Materials for a Sustainable Future

Nanomaterials for filtration membranes

Current surface water resources will soon be insufficient to meet the needs of coming generations. One solution is reuse of water through purification. Wastewater is now contaminated with oil and other organic compounds due to the rapid rise in petrochemical, pharmaceutical, and food processing industries. Membranes present an easy and energy-efficient solution for the removal of both particulate and oily matter from wastewater. The self-assembling characteristics of block copolymers (BCPs) provide a promising pathway in developing ultrafiltration membranes with continuous nanoporous channels. Such uniquely defined morphologies can be further tuned by selectively partitioning an active species into the pore-forming domain of BCP. We are developing processes for easy fabrication and modification of such polymeric membranes for oil/water, particulate, and gas separations. We are also developing 2D MXene-based membranes with high percentages of dye and salt rejection.

Lab members working in this area: Kshitij, Saurabh

Chitin-based biomaterials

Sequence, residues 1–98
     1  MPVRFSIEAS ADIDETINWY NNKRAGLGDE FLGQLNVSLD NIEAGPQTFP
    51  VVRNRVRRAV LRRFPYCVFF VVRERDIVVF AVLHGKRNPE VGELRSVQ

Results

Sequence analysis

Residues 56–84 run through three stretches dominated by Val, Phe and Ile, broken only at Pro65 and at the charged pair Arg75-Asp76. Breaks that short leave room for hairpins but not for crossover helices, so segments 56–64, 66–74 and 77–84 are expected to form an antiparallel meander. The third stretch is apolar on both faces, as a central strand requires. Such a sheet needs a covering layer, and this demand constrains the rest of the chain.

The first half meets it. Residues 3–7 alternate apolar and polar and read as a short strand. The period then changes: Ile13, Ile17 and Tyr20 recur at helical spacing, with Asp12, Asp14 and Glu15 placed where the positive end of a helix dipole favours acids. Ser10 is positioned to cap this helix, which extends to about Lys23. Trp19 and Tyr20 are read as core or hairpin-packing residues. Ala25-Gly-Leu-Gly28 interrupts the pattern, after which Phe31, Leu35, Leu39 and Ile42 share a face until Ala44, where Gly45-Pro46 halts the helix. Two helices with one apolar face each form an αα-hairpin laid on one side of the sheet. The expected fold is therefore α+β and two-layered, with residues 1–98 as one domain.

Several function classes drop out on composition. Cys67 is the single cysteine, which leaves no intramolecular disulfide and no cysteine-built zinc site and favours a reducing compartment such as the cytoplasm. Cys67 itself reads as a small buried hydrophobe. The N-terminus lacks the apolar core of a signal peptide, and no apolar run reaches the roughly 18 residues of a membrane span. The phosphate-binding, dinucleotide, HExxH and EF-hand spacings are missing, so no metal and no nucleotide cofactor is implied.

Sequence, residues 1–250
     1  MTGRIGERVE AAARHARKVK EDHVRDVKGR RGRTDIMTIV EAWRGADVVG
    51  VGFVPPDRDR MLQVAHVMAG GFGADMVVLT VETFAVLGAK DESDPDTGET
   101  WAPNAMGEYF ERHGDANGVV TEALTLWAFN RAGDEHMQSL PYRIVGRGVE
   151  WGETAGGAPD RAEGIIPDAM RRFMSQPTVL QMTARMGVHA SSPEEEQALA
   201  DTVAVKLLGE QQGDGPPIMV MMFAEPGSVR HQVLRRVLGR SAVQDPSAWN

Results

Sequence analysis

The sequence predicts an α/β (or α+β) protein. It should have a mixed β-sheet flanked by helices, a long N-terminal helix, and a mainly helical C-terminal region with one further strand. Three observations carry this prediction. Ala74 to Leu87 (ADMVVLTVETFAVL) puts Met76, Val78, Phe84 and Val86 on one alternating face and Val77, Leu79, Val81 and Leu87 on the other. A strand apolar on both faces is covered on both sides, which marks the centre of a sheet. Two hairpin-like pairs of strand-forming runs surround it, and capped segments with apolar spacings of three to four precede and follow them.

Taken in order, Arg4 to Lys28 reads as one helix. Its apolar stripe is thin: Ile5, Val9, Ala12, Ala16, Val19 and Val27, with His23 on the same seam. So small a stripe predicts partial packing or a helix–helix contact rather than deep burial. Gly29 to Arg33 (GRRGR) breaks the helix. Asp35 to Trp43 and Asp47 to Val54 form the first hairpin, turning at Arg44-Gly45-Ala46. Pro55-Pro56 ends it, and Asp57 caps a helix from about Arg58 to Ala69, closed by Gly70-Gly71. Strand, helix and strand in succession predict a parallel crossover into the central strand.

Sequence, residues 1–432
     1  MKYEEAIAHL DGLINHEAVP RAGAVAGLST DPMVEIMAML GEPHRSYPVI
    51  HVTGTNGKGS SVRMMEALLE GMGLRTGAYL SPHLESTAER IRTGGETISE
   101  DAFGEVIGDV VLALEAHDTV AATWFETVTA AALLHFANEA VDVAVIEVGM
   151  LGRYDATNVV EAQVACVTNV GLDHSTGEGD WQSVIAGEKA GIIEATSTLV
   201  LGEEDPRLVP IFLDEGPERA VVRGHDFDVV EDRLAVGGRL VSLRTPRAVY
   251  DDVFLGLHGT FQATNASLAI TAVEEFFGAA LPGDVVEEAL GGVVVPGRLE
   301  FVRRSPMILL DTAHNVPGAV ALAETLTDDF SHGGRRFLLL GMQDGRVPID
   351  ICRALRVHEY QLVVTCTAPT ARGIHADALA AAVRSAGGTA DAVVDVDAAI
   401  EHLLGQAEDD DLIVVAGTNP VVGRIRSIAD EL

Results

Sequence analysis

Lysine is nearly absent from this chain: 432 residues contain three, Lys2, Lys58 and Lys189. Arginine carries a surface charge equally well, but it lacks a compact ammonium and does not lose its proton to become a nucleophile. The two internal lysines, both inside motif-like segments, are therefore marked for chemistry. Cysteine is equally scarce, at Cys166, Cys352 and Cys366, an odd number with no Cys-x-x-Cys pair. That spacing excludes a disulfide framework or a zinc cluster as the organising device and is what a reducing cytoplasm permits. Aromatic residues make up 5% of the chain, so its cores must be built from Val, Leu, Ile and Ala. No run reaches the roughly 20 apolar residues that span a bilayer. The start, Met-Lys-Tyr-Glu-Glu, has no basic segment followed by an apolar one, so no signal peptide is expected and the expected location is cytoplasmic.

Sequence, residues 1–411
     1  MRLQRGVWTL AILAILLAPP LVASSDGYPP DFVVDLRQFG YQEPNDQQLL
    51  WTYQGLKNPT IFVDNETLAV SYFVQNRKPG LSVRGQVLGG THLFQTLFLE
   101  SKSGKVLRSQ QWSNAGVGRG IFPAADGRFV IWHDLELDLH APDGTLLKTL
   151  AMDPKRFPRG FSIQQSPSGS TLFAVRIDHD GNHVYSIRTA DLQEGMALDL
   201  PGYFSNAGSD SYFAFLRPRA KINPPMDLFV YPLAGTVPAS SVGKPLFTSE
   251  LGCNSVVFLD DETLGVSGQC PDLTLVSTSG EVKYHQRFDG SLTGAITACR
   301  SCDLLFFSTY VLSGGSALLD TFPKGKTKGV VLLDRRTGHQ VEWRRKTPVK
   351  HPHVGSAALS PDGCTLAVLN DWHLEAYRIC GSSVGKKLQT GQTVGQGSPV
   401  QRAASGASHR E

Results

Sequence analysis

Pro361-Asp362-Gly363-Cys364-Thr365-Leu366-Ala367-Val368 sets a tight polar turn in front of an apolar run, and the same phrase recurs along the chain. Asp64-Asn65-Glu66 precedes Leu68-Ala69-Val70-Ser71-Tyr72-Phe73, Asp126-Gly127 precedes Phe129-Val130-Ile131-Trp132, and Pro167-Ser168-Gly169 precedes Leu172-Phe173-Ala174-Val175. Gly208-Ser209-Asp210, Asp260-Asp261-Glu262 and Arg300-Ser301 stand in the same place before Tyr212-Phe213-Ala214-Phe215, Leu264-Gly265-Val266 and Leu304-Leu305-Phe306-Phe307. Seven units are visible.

Chitin is the second-most abundant biopolymer in Nature, where it is expressed in composite structures with impressive mechanical properties such as in the shells of crustaceans. We are interested in developing multilayer thin-film composites using chitin and its derivatives (e.g., chitosan and functionalized variants) as major components. A variety of different layer types are under development (e.g., an impact resistance layer), and each layer is intended to impart its properties to the multilayer composite. One avenue through which such properties are being pursued is chitosan-based hydrogels systems with enhanced strength, Young’s modulus, and impact characteristics. Additionally, we are developing biopolymer-based sensors. Humidity sensors play an essential role in monitoring product quality in the manufacturing and pharmaceutical process industries. Lately, thermoplastic polymers and semiconducting inorganic materials-based sensors are raising environmental concerns owing to non-degradable nature despite their performance. We are leveraging chitosan’s propensity to swell in the presence of moisture for the development of thin-film structural color-based humidity sensors with good mechanical stability.

Lab members working in this area: Justin, Sam, Wafa